Henoch-Schönlein Purpura (Differential Diagnosis as before)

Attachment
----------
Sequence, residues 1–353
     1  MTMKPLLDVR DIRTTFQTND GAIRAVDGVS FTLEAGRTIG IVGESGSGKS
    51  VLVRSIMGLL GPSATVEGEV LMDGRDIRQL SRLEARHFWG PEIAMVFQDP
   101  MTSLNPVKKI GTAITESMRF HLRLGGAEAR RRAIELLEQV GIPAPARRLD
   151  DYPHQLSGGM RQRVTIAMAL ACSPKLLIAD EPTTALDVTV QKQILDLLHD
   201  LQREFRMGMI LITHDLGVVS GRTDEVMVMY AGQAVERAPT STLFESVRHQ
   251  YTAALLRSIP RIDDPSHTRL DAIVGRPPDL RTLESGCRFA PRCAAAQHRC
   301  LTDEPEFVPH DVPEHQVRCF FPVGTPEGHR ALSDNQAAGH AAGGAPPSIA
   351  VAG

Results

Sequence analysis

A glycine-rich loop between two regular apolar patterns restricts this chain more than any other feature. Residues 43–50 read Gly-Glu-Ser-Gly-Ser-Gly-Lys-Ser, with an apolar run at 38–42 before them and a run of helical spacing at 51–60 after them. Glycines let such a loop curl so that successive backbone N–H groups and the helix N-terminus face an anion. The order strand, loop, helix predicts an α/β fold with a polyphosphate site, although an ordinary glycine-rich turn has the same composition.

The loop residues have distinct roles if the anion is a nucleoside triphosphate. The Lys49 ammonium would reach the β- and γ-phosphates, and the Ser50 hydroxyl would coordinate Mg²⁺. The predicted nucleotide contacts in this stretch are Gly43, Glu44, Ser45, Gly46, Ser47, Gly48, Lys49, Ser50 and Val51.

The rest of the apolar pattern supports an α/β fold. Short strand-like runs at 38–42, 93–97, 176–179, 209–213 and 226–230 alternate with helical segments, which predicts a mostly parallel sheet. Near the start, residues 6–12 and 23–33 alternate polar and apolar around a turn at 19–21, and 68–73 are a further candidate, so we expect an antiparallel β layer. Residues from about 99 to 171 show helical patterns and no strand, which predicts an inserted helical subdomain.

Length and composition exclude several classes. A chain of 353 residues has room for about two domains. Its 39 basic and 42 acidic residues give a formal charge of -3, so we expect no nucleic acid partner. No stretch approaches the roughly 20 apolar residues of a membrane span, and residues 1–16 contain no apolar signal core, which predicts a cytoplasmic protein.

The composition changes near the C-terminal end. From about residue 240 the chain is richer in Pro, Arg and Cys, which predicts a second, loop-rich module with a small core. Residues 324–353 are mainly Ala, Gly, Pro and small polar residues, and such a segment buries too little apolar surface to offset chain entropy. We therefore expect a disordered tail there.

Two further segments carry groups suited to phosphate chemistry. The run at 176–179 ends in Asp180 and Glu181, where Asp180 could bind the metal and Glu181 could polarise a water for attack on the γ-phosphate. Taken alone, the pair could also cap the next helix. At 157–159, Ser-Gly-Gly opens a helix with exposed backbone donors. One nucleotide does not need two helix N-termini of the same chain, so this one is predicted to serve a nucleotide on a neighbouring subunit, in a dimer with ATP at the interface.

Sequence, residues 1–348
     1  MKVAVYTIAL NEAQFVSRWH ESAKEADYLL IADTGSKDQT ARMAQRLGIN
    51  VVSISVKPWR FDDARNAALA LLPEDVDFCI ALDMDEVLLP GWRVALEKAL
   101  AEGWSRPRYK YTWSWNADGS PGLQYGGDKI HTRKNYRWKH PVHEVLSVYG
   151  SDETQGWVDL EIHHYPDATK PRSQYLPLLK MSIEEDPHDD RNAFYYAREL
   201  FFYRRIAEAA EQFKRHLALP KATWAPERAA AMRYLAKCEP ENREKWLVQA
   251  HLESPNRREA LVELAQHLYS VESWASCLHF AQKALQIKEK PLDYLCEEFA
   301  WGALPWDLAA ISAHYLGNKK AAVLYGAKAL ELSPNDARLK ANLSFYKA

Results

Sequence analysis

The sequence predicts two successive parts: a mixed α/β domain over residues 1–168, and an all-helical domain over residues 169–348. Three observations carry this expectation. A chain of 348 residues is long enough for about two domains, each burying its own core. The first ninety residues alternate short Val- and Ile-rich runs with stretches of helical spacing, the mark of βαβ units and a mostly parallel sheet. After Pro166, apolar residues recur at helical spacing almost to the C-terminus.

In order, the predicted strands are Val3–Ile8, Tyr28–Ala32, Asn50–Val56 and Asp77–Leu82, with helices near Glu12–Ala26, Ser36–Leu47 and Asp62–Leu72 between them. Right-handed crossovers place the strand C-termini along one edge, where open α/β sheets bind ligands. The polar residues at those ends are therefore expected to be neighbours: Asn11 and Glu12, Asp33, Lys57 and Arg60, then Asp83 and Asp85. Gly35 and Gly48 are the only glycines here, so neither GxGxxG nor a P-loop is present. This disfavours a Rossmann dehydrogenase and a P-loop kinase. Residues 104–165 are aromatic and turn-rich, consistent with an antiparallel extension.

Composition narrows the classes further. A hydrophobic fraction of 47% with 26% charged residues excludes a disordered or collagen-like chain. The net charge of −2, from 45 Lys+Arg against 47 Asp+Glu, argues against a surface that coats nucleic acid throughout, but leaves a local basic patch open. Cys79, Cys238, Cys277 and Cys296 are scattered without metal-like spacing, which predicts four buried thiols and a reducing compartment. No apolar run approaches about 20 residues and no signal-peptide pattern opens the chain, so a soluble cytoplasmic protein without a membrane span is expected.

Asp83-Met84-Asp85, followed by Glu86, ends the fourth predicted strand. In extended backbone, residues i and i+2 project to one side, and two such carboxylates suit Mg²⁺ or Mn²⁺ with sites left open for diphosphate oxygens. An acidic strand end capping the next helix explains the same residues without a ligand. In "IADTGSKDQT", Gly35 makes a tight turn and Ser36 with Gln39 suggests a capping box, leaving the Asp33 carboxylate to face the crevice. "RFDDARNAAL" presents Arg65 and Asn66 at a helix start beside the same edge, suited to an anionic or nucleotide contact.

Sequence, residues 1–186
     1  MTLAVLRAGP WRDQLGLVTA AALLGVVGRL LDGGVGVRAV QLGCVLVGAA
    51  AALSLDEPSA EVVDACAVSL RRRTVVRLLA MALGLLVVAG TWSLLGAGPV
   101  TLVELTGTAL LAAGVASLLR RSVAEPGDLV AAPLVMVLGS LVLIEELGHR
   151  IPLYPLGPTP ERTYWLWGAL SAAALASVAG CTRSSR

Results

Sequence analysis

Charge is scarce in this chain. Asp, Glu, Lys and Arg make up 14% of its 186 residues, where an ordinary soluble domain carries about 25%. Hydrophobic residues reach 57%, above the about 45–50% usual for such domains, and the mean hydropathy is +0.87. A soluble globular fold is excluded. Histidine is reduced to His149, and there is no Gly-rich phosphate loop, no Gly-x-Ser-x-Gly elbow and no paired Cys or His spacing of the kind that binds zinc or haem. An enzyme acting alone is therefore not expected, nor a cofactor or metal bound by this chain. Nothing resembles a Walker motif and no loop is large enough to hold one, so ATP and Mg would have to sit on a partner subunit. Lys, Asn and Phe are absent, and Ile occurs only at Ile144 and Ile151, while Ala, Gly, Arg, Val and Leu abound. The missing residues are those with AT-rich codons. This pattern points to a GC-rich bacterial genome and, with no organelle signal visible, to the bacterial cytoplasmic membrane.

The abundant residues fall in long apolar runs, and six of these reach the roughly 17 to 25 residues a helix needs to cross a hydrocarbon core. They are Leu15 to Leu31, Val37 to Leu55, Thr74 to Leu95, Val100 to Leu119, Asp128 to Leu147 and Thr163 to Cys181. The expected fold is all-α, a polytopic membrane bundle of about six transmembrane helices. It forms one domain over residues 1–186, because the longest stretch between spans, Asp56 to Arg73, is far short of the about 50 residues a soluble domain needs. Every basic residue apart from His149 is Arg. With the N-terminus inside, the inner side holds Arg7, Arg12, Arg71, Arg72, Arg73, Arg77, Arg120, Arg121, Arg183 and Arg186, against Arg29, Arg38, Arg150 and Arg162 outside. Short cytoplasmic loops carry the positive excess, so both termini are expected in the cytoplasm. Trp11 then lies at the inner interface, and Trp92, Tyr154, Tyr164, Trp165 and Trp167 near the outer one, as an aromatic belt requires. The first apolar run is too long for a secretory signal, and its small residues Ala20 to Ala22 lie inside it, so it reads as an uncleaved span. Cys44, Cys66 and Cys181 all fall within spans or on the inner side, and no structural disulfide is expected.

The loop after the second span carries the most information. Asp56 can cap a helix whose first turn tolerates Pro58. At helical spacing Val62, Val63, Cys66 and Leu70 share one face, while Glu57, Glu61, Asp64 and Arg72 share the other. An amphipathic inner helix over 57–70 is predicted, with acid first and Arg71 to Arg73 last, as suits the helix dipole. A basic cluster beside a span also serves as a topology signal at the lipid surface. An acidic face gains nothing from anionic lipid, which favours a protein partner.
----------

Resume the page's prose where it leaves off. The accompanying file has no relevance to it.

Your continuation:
anus_17a_n.jpg: Right buttock of a schoolchild with scattered petechial and mainly larger and palpable efflorescences of different size. The diagnosis is a Henoch-Schönlein purpura which is characterized by petechial and palpable skin hemorrhages and other types of exanthema, periarticular swellings, abdominal colics, and blood in the stool. The blood in the stool is due to a vasculitis of the gastrointestinal tract while the colics are due to diffuse edema and hemorrhages of the intestinal wall. The latter may lead to a symptomatic intussusception. Therefore, one is never absolutely sure if the recurrent blood evacuation by the anus and abdominal colics are due to the Henoch-Schönlein purpura or due to a combined symptomatic invagination. In addition, ultrasound and contrast enema are not suitable for the diagnosis of intussusception situated in the small intestine. anus_17b_n.jpg: Laparotomy in a 9-year-old boy with abdominal signs and symptoms of Henoch-Schönlein purpura. Besides the diffuse and punctate hemorrages of the mesentery and serosa the intestinal loop on the right side which is demonstrated by the surgeon is bluishly discolored and irregularly increased in volume in contrast to the segment on the left side. The diagnosis is symptomatic ileoileal intussusception; the head of the invagination has been moved in the picture from the right to the left side in a distal direction by the surgeon.